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Grand Forks, East Grand Forks aren't expecting major flooding, but are preparing for high water nonetheless

The National Weather Service is predicting a minor to moderate flood risk for most of the Red River Valley this spring, including Grand Forks, with the potential for some low major flooding in the southern Red River Valley, as well as near Oslo, Minnesota, and Pembina, North Dakota.

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A drone captures a view of the Sorlie Bridge in downtown Grand Forks on April 10, 2019, when the crest of the Red River reached 47.7 feet. Lee Smalt and Cody Rogness/Click Content Studios

GRAND FORKS — Flood preparation has started in Grand Forks, says Todd Feland, Grand Forks city administrator. As the National Weather Service predicts a minor to moderate flood risk for the Grand Forks region this spring, the Grand Forks public works and engineering departments had their first meeting of the year last week to start planning for spring flooding.

“We’re kind of getting geared up to start the engineering and public works operational plan of our flood protection project,” he said.

As new forecasts come out over the coming weeks, public works and engineering staff will assess the flood risks and make more detailed plans. Based on early forecasts, flooding looks manageable, said Feland.

The National Weather Service is predicting minor to moderate flood risk for most of the Red River Valley this spring, including Grand Forks, but with potential for some low major flooding in the southern Red River Valley, as well as northern locations like Oslo, Minnesota, and Pembina, North Dakota.

“Any additional kind of heavy snowfall with a lot of liquid water content can always drastically change what the outlook will look like, but we’re currently only looking at low major (flooding) for southern and portions of the northern parts of the Red River Valley,” said Jacob Spender, a meteorologist at the National Weather Service in Grand Forks.

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Spender says right now, the National Weather Service is not predicting more heavy snow in the long-term forecast.

“It’s kind of meandering out to more of a dry spell for this coming week, so after this system is through, it kind of dries out and then the probability drops down for any high-impact system currently,” he said. “But that can always change.”

Based on early predictions, the city of Grand Forks is planning for the river to crest at around 40 feet, but is prepared for changes as more information is available, says Feland.

“We’ll have to see what happens between now and March as we head into the spring,” said Feland.

At Grand Forks and East Grand Forks, the Red reaches the minor flooding stage at 28 feet, moderate flooding at 40 feet and major flooding at 46 feet.

The record crest is, of course, the 54.35 feet crest that came during the historic 1997 flood. More recently, it reached 47.7 feet on April 10, 2020, and 46.94 feet on April 11, 2019. Flood mitigation systems were put in place in Grand Forks and East Grand Forks following the 1997 event, decreasing the chance of widespread damaging floods.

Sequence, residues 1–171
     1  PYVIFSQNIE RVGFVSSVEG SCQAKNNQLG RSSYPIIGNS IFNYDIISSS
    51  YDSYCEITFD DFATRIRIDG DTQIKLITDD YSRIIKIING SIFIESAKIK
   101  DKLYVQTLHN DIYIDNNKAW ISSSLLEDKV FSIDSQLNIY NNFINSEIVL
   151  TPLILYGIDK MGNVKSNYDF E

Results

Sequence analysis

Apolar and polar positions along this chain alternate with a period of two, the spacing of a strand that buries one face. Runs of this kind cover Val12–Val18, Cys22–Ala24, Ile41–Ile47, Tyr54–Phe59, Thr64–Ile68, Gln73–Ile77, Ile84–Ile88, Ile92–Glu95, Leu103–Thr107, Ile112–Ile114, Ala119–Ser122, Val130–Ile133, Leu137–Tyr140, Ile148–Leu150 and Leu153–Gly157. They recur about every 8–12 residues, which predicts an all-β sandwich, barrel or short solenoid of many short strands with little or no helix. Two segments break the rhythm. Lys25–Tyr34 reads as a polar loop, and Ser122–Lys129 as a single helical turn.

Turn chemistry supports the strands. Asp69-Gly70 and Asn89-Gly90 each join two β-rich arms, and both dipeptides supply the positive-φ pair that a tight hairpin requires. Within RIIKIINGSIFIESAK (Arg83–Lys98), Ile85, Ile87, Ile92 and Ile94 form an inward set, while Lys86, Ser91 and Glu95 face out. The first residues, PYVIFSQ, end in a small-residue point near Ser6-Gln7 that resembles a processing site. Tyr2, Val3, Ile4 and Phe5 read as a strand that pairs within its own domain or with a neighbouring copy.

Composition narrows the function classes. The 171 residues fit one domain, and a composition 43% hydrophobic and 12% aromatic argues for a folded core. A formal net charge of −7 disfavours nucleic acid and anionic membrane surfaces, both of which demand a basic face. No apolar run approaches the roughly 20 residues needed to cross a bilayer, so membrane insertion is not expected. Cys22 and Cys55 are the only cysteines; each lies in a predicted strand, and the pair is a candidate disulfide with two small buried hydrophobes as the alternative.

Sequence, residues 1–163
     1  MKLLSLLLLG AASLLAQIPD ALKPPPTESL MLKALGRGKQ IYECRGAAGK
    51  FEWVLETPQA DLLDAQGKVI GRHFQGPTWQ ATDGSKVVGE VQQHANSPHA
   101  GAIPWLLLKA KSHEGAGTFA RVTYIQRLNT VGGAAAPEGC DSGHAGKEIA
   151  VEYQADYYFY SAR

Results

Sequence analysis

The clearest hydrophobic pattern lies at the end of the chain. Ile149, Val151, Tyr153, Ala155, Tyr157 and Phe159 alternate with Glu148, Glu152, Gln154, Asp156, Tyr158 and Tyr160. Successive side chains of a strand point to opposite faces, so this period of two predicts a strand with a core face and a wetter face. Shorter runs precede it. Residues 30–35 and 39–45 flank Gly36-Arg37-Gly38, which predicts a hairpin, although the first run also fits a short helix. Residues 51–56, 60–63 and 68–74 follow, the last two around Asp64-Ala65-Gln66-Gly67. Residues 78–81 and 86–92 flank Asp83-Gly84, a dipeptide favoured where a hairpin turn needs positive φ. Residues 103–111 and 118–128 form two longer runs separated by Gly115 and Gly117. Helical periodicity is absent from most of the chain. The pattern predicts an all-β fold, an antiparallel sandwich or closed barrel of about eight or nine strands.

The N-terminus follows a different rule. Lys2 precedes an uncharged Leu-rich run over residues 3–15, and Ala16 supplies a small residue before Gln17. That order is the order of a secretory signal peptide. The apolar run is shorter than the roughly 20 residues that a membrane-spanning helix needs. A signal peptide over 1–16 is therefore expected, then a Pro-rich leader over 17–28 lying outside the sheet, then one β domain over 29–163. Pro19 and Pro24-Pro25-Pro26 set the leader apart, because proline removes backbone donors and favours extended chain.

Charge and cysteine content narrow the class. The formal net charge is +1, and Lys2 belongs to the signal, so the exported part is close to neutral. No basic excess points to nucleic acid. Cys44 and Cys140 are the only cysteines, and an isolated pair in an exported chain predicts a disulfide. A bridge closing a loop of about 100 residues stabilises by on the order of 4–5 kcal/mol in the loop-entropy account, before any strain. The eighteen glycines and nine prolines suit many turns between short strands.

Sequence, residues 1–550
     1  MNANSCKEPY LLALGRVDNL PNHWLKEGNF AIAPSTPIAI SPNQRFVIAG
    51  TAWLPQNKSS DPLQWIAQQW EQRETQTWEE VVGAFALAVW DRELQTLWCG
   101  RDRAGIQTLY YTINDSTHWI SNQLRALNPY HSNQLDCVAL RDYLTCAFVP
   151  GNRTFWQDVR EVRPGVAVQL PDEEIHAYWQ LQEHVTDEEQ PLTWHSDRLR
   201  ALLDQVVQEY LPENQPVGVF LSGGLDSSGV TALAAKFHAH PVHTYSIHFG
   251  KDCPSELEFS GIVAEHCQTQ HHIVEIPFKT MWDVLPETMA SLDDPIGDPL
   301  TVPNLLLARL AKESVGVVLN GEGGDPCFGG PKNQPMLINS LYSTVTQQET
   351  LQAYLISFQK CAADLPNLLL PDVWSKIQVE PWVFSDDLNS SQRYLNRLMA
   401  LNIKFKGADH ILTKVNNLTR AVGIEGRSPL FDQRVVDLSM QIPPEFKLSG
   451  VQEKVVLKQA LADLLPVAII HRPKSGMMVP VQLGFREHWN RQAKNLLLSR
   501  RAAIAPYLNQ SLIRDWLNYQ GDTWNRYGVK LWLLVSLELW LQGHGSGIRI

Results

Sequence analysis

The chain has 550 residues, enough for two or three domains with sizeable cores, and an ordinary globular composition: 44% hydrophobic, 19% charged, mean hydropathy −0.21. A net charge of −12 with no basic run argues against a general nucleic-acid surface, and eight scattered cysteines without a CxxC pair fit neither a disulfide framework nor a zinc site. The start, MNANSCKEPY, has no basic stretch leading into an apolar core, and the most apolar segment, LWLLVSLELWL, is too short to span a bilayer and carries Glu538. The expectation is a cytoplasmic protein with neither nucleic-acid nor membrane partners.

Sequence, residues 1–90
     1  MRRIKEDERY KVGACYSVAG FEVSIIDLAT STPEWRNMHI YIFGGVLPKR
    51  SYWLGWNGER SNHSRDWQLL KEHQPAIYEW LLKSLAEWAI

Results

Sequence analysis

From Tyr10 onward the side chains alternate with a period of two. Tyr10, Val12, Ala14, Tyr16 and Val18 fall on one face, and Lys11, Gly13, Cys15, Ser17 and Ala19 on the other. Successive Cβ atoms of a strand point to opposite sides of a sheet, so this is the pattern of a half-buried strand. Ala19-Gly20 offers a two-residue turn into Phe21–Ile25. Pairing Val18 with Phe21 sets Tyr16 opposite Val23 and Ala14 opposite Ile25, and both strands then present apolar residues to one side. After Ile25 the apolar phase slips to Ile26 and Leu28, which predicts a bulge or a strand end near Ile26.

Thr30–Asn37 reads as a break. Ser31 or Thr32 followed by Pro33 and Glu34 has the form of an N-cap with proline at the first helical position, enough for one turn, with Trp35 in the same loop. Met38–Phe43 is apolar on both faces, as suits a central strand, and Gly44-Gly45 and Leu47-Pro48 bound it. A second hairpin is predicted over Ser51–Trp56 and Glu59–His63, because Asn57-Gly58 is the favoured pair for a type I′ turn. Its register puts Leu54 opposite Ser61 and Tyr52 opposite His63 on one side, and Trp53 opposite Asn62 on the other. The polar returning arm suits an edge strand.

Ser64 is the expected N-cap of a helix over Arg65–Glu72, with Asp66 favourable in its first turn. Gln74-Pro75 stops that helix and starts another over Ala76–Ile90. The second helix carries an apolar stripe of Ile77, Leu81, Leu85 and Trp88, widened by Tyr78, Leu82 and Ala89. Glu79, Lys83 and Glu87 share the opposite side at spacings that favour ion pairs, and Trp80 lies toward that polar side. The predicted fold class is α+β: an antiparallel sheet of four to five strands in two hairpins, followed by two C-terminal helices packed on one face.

Feland said the 40-foot level is manageable by the city of Grand Forks, but will probably require closure of some bridges and parts of the Greenway, as well as activation of flood pump stations.

David Murphy, East Grand Forks city administrator, said East Grand Forks public works and emergency services start making serious preparations each year in early March.

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“The first part of March, we start getting things ready, making sure the barricades we have to put up are ready,” said Murphy. “Then we have everything primed so that if the flood does start to happen, we have everything ready and able to go.”

After preparing early, he says, public works and emergency services are ready for flooding on short notice. While there is more potential for flooding this year than the last two, Murphy says it’s nothing emergency personnel can’t handle.

“As far as this year, it looks moderate, so we’re just going to keep an eye on it, but we’re not overly concerned yet at this point,” he said.

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Drought conditions in the Red River Valley also have improved over the winter. The southern River River Valley is out of the drought, while northern portions are only abnormally dry, the lowest classification of drought on the U.S. drought monitor.

“Looking at all of the snowfalls throughout the season, we are above average in Grand Forks and Fargo, so we’re improving from the drought from last year, and doing better than before last year,” Spender said.

Like flood conditions, drought conditions are impacted by precipitation, and are always changing, said Spender.

Ingrid Harbo joined the Grand Forks Herald in September 2021.

Harbo covers Grand Forks region news, and also writes about business in Grand Forks and the surrounding area.

Readers can reach Harbo at 701-780-1124 or iharbo@gfherald.com. Follow her on Twitter @ingridaharbo.
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